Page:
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‘Being Serena’  shows off Serena Williams’ strengths but doesn't shy away from moments of weakness

‘Being Serena’  shows off Serena Williams’ strengths but doesn't shy away from moments of weakness
Tennis star Serena Williams, with daughter Alexis Olympia Ohanian Jr., is the focus of a new HBO Sports documentary, "Being Serena." (HBo)

"Being Serena," the documentary series premiering Wednesday on HBO, begins with a secretly pregnant Serena Williams winning the 2017 Australian Open against her sister Venus Williams, and moves on to the birth of her daughter and beyond. (Just how beyond I can't say — only the first two of five episodes were available to review.)

It is not every child whose mother more or less commissions a glossy television documentary series upon his or her coming into the world — most of us must be content with a box of faded old snapshots or endless hours of unedited video — though to be precise, the focus is (reasonably) on the tennis star mother, whose name is in the title, and not the daughter, whose name is Alexis Olympia Ohanian Jr. (The father, Alexis Ohanian, is a co-founder of Reddit and a good-looking self-described nerd who seems like a thoroughly nice guy.)

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Superficially, this is familiar territory — a celebrity turns her real life into television — though in most respects, it is something quite out of the ordinary, beginning, of course, with the subject, who does not need a TV series to validate her power. It's high-toned and visually sumptuous, and when it's sentimental, it is sentimental almost in spite of itself, with the result that it is often authentically moving.

And though the project originated with Williams and often has the approving, not to say, hagiographic flavor of the authorized biography, as vanity projects go, its subject does not seem to be very vain at all.

Williams is protean — warrior, queen, muscular glamour girl, nobody's idea of a mother, the very essence of motherhood. In scenes where she addresses the camera, she is made up to perfection, but she is also cool with looking like any other person on laundry day. She will let you into the room not only to watch her sonogram, but as she receives the C-section her baby's delivery eventually required.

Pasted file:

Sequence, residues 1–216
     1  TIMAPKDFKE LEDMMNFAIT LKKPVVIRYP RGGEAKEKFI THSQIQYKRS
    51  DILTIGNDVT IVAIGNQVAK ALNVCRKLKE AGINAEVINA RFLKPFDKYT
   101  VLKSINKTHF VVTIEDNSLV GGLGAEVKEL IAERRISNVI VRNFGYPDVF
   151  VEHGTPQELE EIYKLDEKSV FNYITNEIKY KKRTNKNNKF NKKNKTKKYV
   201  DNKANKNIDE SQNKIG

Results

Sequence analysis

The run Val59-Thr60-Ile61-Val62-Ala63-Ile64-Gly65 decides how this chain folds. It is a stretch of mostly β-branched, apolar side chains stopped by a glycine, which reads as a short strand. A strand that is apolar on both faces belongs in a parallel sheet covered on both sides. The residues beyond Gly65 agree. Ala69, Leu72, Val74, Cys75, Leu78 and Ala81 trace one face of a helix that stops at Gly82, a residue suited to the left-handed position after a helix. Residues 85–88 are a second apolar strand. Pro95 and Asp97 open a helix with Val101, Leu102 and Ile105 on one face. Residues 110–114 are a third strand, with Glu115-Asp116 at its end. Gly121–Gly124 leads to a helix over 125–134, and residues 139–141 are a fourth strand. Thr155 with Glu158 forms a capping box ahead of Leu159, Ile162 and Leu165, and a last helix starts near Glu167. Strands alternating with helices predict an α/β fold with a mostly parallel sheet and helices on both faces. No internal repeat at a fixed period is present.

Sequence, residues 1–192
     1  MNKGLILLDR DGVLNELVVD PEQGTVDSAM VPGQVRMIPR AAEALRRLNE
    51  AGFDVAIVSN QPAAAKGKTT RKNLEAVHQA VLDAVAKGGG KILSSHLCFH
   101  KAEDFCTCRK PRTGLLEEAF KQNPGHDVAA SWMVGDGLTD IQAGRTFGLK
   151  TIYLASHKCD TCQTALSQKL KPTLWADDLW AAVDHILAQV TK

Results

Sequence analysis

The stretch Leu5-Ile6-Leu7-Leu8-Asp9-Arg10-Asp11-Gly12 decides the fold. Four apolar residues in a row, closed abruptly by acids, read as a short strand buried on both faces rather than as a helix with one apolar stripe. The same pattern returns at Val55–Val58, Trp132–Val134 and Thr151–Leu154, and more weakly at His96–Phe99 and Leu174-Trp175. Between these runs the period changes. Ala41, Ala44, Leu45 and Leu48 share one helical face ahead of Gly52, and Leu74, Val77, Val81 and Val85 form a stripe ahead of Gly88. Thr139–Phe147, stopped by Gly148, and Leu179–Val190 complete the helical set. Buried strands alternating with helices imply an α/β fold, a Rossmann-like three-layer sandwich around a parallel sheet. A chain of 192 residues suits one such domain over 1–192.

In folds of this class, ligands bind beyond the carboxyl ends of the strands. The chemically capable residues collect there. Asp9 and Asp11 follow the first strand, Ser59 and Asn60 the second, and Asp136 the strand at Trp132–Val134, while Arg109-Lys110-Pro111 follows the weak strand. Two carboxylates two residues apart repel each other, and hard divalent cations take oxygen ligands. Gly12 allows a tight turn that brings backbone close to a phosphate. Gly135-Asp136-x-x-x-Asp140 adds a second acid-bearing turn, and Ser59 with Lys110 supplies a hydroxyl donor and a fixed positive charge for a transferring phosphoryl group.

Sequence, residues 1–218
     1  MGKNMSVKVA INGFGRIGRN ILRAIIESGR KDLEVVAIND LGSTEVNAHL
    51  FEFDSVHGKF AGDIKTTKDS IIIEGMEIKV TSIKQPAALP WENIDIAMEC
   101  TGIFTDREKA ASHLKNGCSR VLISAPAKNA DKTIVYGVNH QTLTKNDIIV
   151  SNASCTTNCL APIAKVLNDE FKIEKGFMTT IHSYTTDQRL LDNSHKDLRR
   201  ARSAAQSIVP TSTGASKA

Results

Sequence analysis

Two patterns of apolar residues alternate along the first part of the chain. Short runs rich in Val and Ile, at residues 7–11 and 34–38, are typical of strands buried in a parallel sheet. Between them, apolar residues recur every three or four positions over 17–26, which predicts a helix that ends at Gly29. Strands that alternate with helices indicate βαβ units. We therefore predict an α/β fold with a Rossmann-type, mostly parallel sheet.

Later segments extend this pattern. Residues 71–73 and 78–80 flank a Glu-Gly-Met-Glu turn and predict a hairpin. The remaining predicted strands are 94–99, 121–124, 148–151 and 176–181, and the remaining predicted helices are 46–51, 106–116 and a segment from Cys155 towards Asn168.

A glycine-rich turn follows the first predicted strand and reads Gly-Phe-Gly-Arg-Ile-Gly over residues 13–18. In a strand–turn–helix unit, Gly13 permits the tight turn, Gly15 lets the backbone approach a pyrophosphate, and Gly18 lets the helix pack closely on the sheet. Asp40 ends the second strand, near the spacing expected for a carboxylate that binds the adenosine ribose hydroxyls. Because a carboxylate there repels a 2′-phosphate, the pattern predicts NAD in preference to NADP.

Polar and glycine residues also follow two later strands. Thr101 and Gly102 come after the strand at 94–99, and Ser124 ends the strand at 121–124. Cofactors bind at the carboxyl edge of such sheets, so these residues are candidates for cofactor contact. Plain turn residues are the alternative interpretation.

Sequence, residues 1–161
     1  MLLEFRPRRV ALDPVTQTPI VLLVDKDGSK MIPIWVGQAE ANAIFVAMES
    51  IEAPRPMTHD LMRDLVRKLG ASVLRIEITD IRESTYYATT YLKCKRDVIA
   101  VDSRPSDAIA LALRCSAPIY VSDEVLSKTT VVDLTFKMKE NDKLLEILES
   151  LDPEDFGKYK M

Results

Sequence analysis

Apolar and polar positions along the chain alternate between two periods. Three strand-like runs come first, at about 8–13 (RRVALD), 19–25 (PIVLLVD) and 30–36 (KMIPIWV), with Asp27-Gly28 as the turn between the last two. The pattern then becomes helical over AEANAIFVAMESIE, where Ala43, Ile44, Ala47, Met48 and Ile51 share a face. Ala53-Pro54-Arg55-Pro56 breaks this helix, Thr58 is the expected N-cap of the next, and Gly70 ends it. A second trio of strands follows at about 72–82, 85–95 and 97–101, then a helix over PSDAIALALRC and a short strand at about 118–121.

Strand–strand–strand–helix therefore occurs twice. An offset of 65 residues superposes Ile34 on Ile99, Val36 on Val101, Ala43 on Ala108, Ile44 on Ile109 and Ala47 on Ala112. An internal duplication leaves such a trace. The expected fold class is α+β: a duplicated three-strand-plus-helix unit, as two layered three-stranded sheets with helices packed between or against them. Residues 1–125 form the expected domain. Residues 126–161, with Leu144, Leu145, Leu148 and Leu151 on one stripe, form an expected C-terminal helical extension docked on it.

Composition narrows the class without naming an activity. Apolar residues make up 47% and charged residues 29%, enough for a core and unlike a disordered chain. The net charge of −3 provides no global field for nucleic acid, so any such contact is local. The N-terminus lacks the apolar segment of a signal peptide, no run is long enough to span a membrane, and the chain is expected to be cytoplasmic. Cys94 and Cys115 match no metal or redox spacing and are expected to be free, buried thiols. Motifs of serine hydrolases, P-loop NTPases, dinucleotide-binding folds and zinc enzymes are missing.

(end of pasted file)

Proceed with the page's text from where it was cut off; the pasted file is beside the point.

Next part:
For a woman whose public image is predicated upon physical vitality, she is surprisingly willing to be seen looking tired or weak. It is a long, slow trip to the car when she leaves the hospital with Olympia, after some life-threatening, post-partum health crises — "I think we should have another baby," she says as she settles into the passenger seat — and from the car to the house when they get home.

A pregnant Serena Williams works out in a scene from the "Being Serena," a new documentary series from HBO Sports.
A pregnant Serena Williams works out in a scene from the "Being Serena," a new documentary series from HBO Sports. (HBO)

Williams is protean — warrior, queen, muscular glamour girl, nobody's idea of a mother, the very essence of motherhood.


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Home is a big house in Palm Beach Gardens, Fla., which is likely not like yours, and which seems bigger (and quieter) for lacking any sign of a staff — except the doula, with whom Williams converses in French. (She makes sure to tell the viewer, in voiceover, "Where you come from is who you are, and I didn't come from this," and to take us on a brief detour back to Compton.) For all their earned advantages, they do mostly seem like any other young(ish) couple setting out on an adventure that nothing has equipped them for.

Mostly. Williams has mounted the 2017 Australian Open trophy in the baby's room because, she says, "She should know that having her in my body didn't stop me from succeeding, from winning." ("I like to think that it was unfair because it was two against one," Aunt Venus says of that meeting.) As for the new family member, Ohanian recounts that when a friend observed that their daughter might win Wimbledon in 15 or 20 years, Williams' reply was, "Not if I'm still on the tour."

When Williams speaks of "the fear that I can't be both the best mother and the best tennis player in the world," one considers that she might mean this literally — not just a good mother but better than any mother currently in competition. Thinking such an impossible thought means that she is, on a typically high level of expectation, doomed to failure.

Indeed, the first episode is titled "Fear." But Williams, as you might expect, is OK with fear. ("Without fear, without doubt, without discomfit in what we're doing, what is there for any of us to overcome?") And the second episode — in which she delivers her baby, self-diagnoses a pulmonary embolism, takes her first steps back onto a tennis court, is fitted for a wedding dress and prettily sings Alexis Olympia a snatch of "How Far I'll Go," from Disney's "Moana" — is titled "Strength."

I do not mind telling you that I spent much of that half-hour in tears, because I am strong that way.

Follow Robert Lloyd on Twitter @LATimesTVLloyd

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